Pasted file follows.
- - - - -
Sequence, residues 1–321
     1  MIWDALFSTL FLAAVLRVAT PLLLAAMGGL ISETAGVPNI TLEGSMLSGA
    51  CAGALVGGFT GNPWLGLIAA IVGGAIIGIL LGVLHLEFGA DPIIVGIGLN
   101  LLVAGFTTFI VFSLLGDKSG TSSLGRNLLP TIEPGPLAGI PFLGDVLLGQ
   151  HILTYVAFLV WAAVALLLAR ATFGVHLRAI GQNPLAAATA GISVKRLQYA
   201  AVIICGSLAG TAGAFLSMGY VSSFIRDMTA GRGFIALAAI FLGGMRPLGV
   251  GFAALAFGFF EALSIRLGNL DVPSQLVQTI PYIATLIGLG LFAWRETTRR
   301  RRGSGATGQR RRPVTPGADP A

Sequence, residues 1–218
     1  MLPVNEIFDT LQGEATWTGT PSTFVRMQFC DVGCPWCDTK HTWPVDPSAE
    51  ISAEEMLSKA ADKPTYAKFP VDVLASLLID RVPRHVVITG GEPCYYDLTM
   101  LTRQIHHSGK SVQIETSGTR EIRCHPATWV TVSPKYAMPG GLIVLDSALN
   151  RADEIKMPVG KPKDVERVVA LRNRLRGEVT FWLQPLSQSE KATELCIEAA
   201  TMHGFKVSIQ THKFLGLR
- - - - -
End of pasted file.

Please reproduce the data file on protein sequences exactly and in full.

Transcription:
Sequence, residues 1–321
     1  MIWDALFSTL FLAAVLRVAT PLLLAAMGGL ISETAGVPNI TLEGSMLSGA
    51  CAGALVGGFT GNPWLGLIAA IVGGAIIGIL LGVLHLEFGA DPIIVGIGLN
   101  LLVAGFTTFI VFSLLGDKSG TSSLGRNLLP TIEPGPLAGI PFLGDVLLGQ
   151  HILTYVAFLV WAAVALLLAR ATFGVHLRAI GQNPLAAATA GISVKRLQYA
   201  AVIICGSLAG TAGAFLSMGY VSSFIRDMTA GRGFIALAAI FLGGMRPLGV
   251  GFAALAFGFF EALSIRLGNL DVPSQLVQTI PYIATLIGLG LFAWRETTRR
   301  RRGSGATGQR RRPVTPGADP A

Sequence, residues 1–218
     1  MLPVNEIFDT LQGEATWTGT PSTFVRMQFC DVGCPWCDTK HTWPVDPSAE
    51  ISAEEMLSKA ADKPTYAKFP VDVLASLLID RVPRHVVITG GEPCYYDLTM
   101  LTRQIHHSGK SVQIETSGTR EIRCHPATWV TVSPKYAMPG GLIVLDSALN
   151  RADEIKMPVG KPKDVERVVA LRNRLRGEVT FWLQPLSQSE KATELCIEAA
   201  TMHGFKVSIQ THKFLGLR